The world of rock climbing is rich with various methods and gear like – sport, trad, aid, ice, and alpine. You may find yourself enjoying one or all of these!
No matter which style you practice, it’s a helpful skill to be able to recognize what makes each of them unique.
In this article, explore the particulars that set apart sport climbing and traditional climbing.
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What Is Sport Climbing
Sport climbing is a type of rock climbing, often referred to as “lead” climbing.
Lead climbing involves clipping a rope into protection while ascending a route from the ground up.
You “lead” both sport and trad climbs – but not in the same way.
Sport climbing routes have permanent protection: a line of bolts with a set of anchors at the top, secured to the rock in advance.
What Is Trad Climbing
What is trad climbing then? Before sport climbing rose to fame in the 1980s, most rock climbing was done using traditional methods.
In traditional climbing (aka. trad climbing), there is no permanently affixed protection. Instead, the climber must carry up their own trad gear to place inside cracks, pockets, and other features in the wall.
After the pieces of gear are placed and the climber clips their rope into them, the climber is protected from taking a severe fall.
Once they have completed the route, the climber removes their gear and takes it with them. It is never left to remain on the wall.
Traditional climbing is considered slightly more dangerous than sport climbing because the gear is placed by the climber on-route. It is not always as reliable as well-located, sturdy bolts, especially because it is more subject to human error.
One of the greatest risks of trad climbing is the climber not placing their gear properly. The gear could also slip or break out of the rock due to slippery or weak rock quality.
However, these risks can be greatly mitigated by getting proper training on gear placement and having good rock assessment skills.
Overall, climbing trad requires the climber to have more technical knowledge.
The need to periodically place gear also leads to more time spent on the route and can distract from enjoying the movements on a climb.
Nevertheless, many people still find trad climbing to be very rewarding. Placing gear is an exciting art in itself. It also allows you to climb routes that are not bolted – and many climbing routes are not bolted.
The general rule of thumb is: if it can be done safely on trad gear, it should not be bolted (hence, most crack climbs do not have bolts next to them).
Key Differences and Similarities Between Sport and Trad Climbing
Different Gear and Different Style
The biggest difference between sport climbing and trad climbing is protection.
When free climbing trad routes , you must use special devices for removable protection as opposed to permanently placed hardware. Removable protection can only be used on routes with cracks and other deep spots in the rock.
Sport climbing routes have permanently affixed bolts for protection. These have allowed climbers to ascend nearly blank rock faces with small features that are not conducive to placing traditional protection.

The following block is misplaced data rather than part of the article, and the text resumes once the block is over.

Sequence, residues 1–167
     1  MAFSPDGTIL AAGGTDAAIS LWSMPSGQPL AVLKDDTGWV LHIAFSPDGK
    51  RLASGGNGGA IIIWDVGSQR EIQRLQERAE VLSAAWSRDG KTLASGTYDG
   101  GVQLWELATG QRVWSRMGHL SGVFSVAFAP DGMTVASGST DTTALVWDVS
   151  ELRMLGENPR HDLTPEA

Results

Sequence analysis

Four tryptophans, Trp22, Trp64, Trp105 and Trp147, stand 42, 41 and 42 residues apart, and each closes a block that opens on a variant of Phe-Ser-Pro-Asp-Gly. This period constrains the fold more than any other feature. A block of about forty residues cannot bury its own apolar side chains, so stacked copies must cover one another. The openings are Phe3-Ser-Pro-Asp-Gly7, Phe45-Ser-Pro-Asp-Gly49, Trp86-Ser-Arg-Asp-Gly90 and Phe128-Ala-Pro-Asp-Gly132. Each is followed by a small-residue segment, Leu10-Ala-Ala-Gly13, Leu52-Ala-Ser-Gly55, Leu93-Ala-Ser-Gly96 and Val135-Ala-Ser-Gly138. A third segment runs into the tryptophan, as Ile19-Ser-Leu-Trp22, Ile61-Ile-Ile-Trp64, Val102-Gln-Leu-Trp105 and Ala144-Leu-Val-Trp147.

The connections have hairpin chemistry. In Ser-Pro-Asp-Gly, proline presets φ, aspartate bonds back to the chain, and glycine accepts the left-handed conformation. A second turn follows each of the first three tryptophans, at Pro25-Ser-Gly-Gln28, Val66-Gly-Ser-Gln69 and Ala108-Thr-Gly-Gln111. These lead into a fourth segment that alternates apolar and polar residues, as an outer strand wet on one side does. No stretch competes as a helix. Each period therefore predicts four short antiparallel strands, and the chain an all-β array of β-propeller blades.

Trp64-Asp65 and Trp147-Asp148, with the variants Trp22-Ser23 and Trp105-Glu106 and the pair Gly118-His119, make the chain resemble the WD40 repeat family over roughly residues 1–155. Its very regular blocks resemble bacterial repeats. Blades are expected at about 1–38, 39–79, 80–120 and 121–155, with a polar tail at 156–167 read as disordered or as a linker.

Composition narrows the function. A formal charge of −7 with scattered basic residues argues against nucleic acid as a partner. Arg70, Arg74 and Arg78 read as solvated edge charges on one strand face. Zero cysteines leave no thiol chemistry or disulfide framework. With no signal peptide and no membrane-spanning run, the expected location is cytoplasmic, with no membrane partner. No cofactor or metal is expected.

The security of bolts also ensures the safety of the climber, enabling them to direct their focus to their speed and the difficulty of the movements.
As a result, sport climbing tends to be an entirely different style of climbing than trad. For most sport climbs, you do not need to know how to hand and foot jam in cracks.
Whereas, almost every trad climb requires that you have crack technique. Unless, of course, you trad climb in places like the Gunks.
Same Top Rope Potential
That being said, both sport and trad climbs can be done on “top rope”.
After a lead climber clips bolts or trad protection on a climb and runs the rope through the anchor, another person can then tie into the rope and ascend (top rope) the route without needing to place gear or worry about taking a big lead fall.
Top rope climbing allows folks who do not yet have the skills for lead climbing to get on sport and trad routes of any grade.
No Trad Climbing Indoors
Unfortunately, you still cannot trad climb at indoor climbing gyms. But some gyms do have special training equipment to prepare you for crack climbing.
Climbing gyms are either bouldering only, or also have top roping and lead for sport climbing.
Sport Climbing Protection
A quickdraw is carried up by the lead climber for each bolt on a route. Every bolt has a hanger on it, or a small loop, that must be clipped into with a quickdraw. Once the top of the quickdraw is secured to the hanger, the climber clips their rope into the bottom of the quickdraw.
This device is constructed of two carabiners, connected to opposite ends of a short length of webbing. In most cases, the carabiners are either solid gate, wire gate or a combination of both. The upper carabiner has the ability to move freely. A rubberized clipper holds the lower carabiner tightly in place for easy clipping.
Sport climbing route developers drill holes and secure plated steel or glue-in wave bolts in those holes along the course of a new climb.
Each bolt has a hanger, or small loop, for quickdraws to be clipped into.
These bolts are rated to withstand a great deal of force and wear. In popular areas bolts are replaced frequently, maximizing their reliability.
Sport climbers rely upon these bolts to clip their quickdraws into for protection. This gives the lead climber the ability to move upward without the hassle of carrying and placing traditional protection devices.